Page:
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http://dx.doi.org/10.1002/eji.201444479DOI Listing
November 2014

The mammalian INDY homolog is induced by CREB in a rat model of type 2 diabetes.

Diabetes 2014 Mar 12;63(3):1048-57. Epub 2013 Nov 12.

University of Potsdam, Institute of Nutritional Science, Nutritional Biochemistry, Potsdam, Germany.

Reduced expression of the INDY (I'm not dead yet) tricarboxylate carrier increased the life span in different species by mechanisms akin to caloric restriction. Mammalian INDY homolog (mIndy, SLC13A5) gene expression seems to be regulated by hormonal and/or nutritional factors. The underlying mechanisms are still unknown. The current study revealed that mIndy expression and [(14)C]-citrate uptake was induced by physiological concentrations of glucagon via a cAMP-dependent and cAMP-responsive element-binding protein (CREB)-dependent mechanism in primary rat hepatocytes. The promoter sequence of mIndy located upstream of the most frequent transcription start site was determined by 5'-rapid amplification of cDNA ends. In silico analysis identified a CREB-binding site within this promoter fragment of mIndy. Functional relevance for the CREB-binding site was demonstrated with reporter gene constructs that were induced by CREB activation when under the control of a fragment of a wild-type promoter, whereas promoter activity was lost after site-directed mutagenesis of the CREB-binding site. Moreover, CREB binding to this promoter element was confirmed by chromatin immunoprecipitation in rat liver. In vivo studies revealed that mIndy was induced in livers of fasted as well as in high-fat-diet-streptozotocin diabetic rats, in which CREB is constitutively activated. mIndy induction was completely prevented when CREB was depleted in these rats by antisense oligonucleotides. Together, these data suggest that mIndy is a CREB-dependent glucagon target gene that is induced in fasting and in type 2 diabetes. Increased mIndy expression might contribute to the metabolic consequences of diabetes in the liver.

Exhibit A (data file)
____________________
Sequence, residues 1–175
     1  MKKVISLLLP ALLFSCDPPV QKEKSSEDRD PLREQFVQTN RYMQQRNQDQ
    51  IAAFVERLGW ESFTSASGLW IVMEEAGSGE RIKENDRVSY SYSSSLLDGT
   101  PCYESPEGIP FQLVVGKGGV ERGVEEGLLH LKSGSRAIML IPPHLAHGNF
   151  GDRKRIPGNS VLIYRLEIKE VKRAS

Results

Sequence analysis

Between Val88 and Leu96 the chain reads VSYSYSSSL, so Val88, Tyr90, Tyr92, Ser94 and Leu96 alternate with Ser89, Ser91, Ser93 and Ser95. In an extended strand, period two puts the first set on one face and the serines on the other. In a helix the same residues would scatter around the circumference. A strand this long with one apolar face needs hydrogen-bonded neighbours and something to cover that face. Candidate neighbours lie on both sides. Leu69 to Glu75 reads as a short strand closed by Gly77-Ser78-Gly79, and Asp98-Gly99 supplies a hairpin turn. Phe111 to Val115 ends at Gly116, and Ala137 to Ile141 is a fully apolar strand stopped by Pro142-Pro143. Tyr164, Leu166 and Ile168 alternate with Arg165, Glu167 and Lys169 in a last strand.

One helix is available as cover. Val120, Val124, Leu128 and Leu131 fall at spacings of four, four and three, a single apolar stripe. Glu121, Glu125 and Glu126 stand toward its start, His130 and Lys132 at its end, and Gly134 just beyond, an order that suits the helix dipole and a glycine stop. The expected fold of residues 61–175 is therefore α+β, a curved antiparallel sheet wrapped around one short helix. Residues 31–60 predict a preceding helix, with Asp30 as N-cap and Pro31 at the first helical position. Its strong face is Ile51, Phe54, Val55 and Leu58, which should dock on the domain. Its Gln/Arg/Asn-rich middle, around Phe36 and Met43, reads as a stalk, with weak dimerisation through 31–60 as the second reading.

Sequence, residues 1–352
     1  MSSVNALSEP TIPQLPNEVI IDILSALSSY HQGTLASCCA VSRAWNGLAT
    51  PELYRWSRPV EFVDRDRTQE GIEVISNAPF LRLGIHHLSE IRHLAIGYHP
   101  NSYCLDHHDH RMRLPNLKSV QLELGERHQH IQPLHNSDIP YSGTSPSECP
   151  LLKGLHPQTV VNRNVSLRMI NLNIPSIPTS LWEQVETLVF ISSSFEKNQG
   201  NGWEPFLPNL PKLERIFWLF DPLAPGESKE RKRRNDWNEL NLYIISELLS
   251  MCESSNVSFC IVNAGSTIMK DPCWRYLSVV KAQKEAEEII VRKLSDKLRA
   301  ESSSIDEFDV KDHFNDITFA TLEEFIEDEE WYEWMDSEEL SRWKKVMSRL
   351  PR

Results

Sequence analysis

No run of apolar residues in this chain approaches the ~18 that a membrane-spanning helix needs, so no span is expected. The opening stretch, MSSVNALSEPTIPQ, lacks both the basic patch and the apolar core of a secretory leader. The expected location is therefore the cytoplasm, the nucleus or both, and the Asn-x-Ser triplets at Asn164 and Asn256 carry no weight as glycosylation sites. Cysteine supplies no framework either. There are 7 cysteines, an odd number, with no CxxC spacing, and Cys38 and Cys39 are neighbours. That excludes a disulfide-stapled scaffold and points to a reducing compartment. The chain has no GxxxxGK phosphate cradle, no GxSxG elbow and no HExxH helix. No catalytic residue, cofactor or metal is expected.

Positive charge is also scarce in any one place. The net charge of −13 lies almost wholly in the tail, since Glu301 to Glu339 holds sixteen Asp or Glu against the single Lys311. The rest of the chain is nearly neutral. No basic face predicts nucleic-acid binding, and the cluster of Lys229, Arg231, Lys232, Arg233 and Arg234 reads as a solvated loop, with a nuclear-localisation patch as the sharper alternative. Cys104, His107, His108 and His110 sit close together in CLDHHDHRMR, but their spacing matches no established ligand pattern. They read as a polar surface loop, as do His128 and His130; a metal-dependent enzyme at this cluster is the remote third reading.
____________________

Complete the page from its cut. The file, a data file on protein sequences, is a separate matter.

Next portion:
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http://dx.doi.org/10.2337/db13-0749DOI Listing
http://www.ncbi.nlm.nih.gov/pmc/articles/PMC3968437PMC
March 2014

Monoclonal antibodies to discriminate the EF hand containing calcium binding adaptor proteins EFhd1 and EFhd2.

Monoclon Antib Immunodiagn Immunother 2013 Aug;32(4):237-45

Division of Molecular Immunology, Department of Medicine III, University of Erlangen-Nürnberg, Nikolaus Fiebiger Center, Erlangen, Germany.